I’ve mentioned Splice a few times now in various articles. If you haven’t already signed up then your seriously missing out. A quick look at their site shows me that in the drums category there are currently 759885 drum samples! Any genre, any style. Splice lives and breathes drum samples and gives you, in my opinion, the best user experience of any audio site. Simple searching and filtering always allow me to find what I’m searching for inside a minute. Being able to quickly divide between loops and one-shots is one of it’s best tricks and saves even more time. Splices pricing bands are perfect for what they offer and the ability to easily subscribe and unsubscribe when you want is very helpful.
Splice allows you to keep every sample you download regardless of whether you renew your subscription as well. This means that if you just want to grab a few bits and it’s not something you do often, you’ll only need to pay a few bucks to get what you need. The only con I have with Splice is that when you cancel, you lose your remaining credits instead of being able to use them up at your own pace. If you’re looking to trail it, make sure you use them all up before unsubscribing or you’re wasting money.
Much like our previous subscription service, Sounds provides a credit system with access to download samples. From Native Instruments, Sounds isn’t quite as vast as Splice just yet but it’s still in beta at the moment. From press releases, I truly believe they have the potential to take over the entire subscription sample market. Undercutting Splice, Sounds provides you with unlimited credits for just $9.99/month. The service is conservatively capped at 3000 samples per month but can be surpassed if needed.
The premise for Sounds is very similar to Splice. However, it’s the plans that they have that really separate it from all of its current competition. The plan is to integrate and sync Sounds with all other NI products such as Maschine and Traktor. This’ll allow you to pull samples directly into your hardware and software applications. Not only this, but they intend to develop an API that’ll allow other manufacturers to integrate Sounds into their products. This means that in the future, your Sounds account could be directly loaded into your DAW via a plugin. Very handy for simple drag and drop usage of your samples. Also, it means that companies that create other pieces of audio equipment like samplers and sequencers will be able to have Sounds sync directly into their products, vastly improving their usability and experience. Keep an eye out for developments with this one.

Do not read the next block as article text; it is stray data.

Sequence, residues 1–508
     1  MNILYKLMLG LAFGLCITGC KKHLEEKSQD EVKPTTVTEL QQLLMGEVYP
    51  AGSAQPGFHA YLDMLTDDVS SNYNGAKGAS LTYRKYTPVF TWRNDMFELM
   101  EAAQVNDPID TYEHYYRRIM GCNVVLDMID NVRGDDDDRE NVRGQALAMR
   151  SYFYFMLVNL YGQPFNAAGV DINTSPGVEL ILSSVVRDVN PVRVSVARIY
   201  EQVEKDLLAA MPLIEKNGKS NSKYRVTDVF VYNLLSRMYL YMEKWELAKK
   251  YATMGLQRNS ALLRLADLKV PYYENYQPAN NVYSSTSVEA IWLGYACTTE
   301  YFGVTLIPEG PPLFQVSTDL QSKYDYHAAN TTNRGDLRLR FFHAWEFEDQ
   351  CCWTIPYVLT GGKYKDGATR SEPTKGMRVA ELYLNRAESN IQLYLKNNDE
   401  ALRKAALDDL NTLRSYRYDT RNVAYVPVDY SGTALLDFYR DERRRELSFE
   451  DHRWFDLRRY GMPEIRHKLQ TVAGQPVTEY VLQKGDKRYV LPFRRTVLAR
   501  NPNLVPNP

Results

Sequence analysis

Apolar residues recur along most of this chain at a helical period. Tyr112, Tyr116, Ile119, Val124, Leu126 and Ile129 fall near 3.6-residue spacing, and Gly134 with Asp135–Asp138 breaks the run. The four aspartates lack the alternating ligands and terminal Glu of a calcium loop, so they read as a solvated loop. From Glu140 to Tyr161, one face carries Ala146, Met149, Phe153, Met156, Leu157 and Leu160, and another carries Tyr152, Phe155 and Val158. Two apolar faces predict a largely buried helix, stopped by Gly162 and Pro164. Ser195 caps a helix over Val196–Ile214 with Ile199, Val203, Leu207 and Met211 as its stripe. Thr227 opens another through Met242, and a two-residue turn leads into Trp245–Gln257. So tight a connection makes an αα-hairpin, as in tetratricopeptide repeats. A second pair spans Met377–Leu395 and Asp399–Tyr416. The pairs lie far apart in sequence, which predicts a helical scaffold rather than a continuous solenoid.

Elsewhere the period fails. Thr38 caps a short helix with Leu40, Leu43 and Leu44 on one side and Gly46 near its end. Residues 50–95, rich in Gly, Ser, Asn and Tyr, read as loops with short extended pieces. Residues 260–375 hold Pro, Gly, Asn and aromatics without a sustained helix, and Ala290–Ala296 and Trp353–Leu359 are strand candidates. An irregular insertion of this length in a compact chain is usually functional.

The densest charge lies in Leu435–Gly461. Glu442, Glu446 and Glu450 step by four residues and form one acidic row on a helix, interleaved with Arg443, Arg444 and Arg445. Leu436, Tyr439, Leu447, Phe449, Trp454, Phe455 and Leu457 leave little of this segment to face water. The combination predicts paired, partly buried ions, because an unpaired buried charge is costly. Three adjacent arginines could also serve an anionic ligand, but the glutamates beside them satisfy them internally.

There are literally millions of drum samples out there. Libraries of quality free samples exist in places like Reddit and Loopman. If you’re looking to buy samples for more specific sounds, there’s plenty to choose from there as well. I recommend checking out Drumdrops if you’re after acoustic drum sounds that pack a punch. For electronic samples for hip-hop and trap, check out The Producers Choice. If you’re after some quirky drum samples that are a little different, try out pATCHES.
If you’re a regular user of drum samples looking to keep up to date, a subscription service is for you. Splice is loaded with nearly a million drum samples for you to pick from. Sounds by NI is in beta now and looks to be taking over the market in the coming year. If you’re looking for unlimited samples at a low price that can integrate with your existing gear, it might be your best shot. If you’re super old school and you don’t like the internet, I recommend getting out to the record store. Start digging for breaks and hits on old records. It’s still my favourite way to find drum samples!